In Thursday's provocative post, headlined "Detroit: Black Problems, White Solutions," Hill shares a point of view about the "two Detroits" that his findings reflect:
A good indicator of the racial inequality [in Detroit recovery efforts] can be seen in who gets accepted to incubators, who is selected for fellowships and who is running the various programs and organizations working to revitalize Detroit. . . .
In the 2010 Census, Detroit had a population of 713,777 people, of which a majority (82.7%) were black or African-American. These numbers are not reflected in Detroit's revitalization efforts. . . .
There is potential for Detroit to become the test case for racial equity in urban centers. Detroit is at the very beginning of its efforts to revitalize and reinvest. During this period, it is critical to ensure there is a structure that promotes equity in training, hiring, bidding and selecting individuals who are the city’s present and will be its future. This is the critical moment where Detroit should try to lift all residents, and not just those who can drop multi-millions for an expressway ramp or swoon decision-makers with a new stadium plan. . . .
If the city pushes for a strong community based redevelopment model from the bottom up, it could allow for a more racially equitable path forward. The city and its various supporters need to both ask Detroiters what they want to see in their communities and give them the tools, training, and support to make it happen. There is no reason that community development can’t also lead to citywide revitalization.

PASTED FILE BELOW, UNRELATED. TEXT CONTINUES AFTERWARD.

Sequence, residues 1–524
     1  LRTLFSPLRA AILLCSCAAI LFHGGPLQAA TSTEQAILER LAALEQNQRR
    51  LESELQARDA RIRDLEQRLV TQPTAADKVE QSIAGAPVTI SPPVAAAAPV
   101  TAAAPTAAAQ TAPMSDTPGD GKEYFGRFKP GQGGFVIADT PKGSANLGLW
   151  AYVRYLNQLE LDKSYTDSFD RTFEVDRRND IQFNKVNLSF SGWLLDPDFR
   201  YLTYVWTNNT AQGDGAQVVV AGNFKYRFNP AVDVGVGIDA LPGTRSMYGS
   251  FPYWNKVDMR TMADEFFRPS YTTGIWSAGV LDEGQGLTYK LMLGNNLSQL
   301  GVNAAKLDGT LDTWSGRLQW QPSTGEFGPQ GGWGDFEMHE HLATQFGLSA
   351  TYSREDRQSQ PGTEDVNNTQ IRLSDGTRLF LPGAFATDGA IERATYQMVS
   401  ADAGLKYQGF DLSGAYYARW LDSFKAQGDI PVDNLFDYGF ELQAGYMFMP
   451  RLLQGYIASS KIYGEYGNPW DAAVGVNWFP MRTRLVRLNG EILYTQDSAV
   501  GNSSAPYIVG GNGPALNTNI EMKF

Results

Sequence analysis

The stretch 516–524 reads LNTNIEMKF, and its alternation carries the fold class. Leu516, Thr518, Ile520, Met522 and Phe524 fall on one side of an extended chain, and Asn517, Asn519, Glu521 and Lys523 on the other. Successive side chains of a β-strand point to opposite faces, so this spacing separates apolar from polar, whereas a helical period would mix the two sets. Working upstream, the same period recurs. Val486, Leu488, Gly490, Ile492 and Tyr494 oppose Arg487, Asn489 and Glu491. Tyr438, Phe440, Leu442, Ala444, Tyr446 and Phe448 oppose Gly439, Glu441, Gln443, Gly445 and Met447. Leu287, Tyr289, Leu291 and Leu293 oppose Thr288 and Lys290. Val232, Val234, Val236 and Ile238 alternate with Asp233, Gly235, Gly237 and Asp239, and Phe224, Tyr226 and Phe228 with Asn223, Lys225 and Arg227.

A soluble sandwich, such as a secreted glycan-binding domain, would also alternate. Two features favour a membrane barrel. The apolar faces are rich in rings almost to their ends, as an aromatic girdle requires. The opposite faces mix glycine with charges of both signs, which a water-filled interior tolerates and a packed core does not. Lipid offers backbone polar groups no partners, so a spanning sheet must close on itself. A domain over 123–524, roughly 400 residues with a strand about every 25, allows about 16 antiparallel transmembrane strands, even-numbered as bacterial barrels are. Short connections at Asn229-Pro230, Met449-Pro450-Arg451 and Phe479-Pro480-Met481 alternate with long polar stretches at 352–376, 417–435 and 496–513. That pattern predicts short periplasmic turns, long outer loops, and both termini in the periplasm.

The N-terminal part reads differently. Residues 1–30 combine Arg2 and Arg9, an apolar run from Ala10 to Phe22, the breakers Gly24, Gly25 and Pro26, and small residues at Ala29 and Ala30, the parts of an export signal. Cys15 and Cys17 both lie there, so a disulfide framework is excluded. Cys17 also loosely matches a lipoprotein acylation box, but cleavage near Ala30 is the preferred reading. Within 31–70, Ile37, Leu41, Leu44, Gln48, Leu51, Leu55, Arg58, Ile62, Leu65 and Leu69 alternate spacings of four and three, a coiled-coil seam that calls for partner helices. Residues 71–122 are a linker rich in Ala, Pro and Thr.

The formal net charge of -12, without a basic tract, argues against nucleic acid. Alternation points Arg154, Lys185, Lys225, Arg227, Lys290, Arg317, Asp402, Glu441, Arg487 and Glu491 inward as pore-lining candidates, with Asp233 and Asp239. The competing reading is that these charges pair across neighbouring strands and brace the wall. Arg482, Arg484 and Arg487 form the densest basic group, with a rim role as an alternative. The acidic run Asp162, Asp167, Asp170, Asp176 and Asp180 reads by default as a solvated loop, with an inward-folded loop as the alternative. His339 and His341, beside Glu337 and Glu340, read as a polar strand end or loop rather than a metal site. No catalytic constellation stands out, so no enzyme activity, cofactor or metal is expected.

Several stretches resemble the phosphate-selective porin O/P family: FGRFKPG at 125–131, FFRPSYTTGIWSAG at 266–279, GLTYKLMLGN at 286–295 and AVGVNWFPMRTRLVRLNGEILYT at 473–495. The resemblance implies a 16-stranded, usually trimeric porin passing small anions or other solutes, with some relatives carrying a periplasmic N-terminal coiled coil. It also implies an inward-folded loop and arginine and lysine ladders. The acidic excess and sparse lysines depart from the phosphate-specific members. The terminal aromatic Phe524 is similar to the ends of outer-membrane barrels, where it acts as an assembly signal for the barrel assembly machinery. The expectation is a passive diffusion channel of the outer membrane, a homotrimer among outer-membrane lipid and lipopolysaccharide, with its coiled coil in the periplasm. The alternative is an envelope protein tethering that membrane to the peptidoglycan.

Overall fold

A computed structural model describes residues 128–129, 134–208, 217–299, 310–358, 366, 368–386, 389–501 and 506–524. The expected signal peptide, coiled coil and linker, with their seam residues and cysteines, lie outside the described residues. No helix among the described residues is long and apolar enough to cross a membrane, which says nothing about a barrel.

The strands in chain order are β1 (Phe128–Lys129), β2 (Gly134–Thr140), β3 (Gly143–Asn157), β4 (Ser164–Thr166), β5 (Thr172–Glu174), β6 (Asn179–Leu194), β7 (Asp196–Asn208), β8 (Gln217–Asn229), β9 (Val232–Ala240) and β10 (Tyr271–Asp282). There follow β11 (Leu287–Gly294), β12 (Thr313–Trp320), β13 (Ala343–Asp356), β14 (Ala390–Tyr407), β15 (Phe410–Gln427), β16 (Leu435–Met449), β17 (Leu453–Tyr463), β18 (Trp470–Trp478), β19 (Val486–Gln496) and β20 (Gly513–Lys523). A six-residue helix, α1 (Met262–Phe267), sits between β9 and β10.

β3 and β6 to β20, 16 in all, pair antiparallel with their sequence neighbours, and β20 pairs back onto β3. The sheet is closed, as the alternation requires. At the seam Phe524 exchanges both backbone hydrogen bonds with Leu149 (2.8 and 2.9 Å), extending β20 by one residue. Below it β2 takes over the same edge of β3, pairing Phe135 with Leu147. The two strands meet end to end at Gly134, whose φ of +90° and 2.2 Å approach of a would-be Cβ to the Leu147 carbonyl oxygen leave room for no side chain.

Addressing a reader who accuses him of "using statistics to score a white privilege zinger," Hill replies:
Black-owned businesses and innovators in Detroit have unequal access to accolades and funding. Black ventures aren’t often recognized for contributing to Detroit’s economy and turnaround.
A supportive comment comes from Detroit poet Jessica Care Moore, who tweets:
This is just the truth. Yes. "New" means White. "New" means Black People are not a part of the plan, especially... http://t.co/ADC8FExQUb— jessica Care moore (@jessicaCaremoor) October 17, 2014
These reactions are among 26 comments in a Reddit discussion:
Ben Duell Fraser, Detroit video producer: "We're in a country that is majority white, a state that is majority white, a metro-region that is majority white. The positions pull from a wider pool of candidates than Detroit residents."
Aaron Foley, Detroit journalist: "There are already more white-owned businesses in Detroit than nonwhite ones, even before startups and incubators came along. The concern, IMO, has always been two things: The recognition that nonwhite businesses don't get for their contributions, and the access nonwhite business owners have to the type of capital that is powering the revitalization."
Deadline Detroit welcomes other responses to Hill's research, particularly from those involved with programs mentioned. Comments can be added below or at this article's thread on our Facebook page.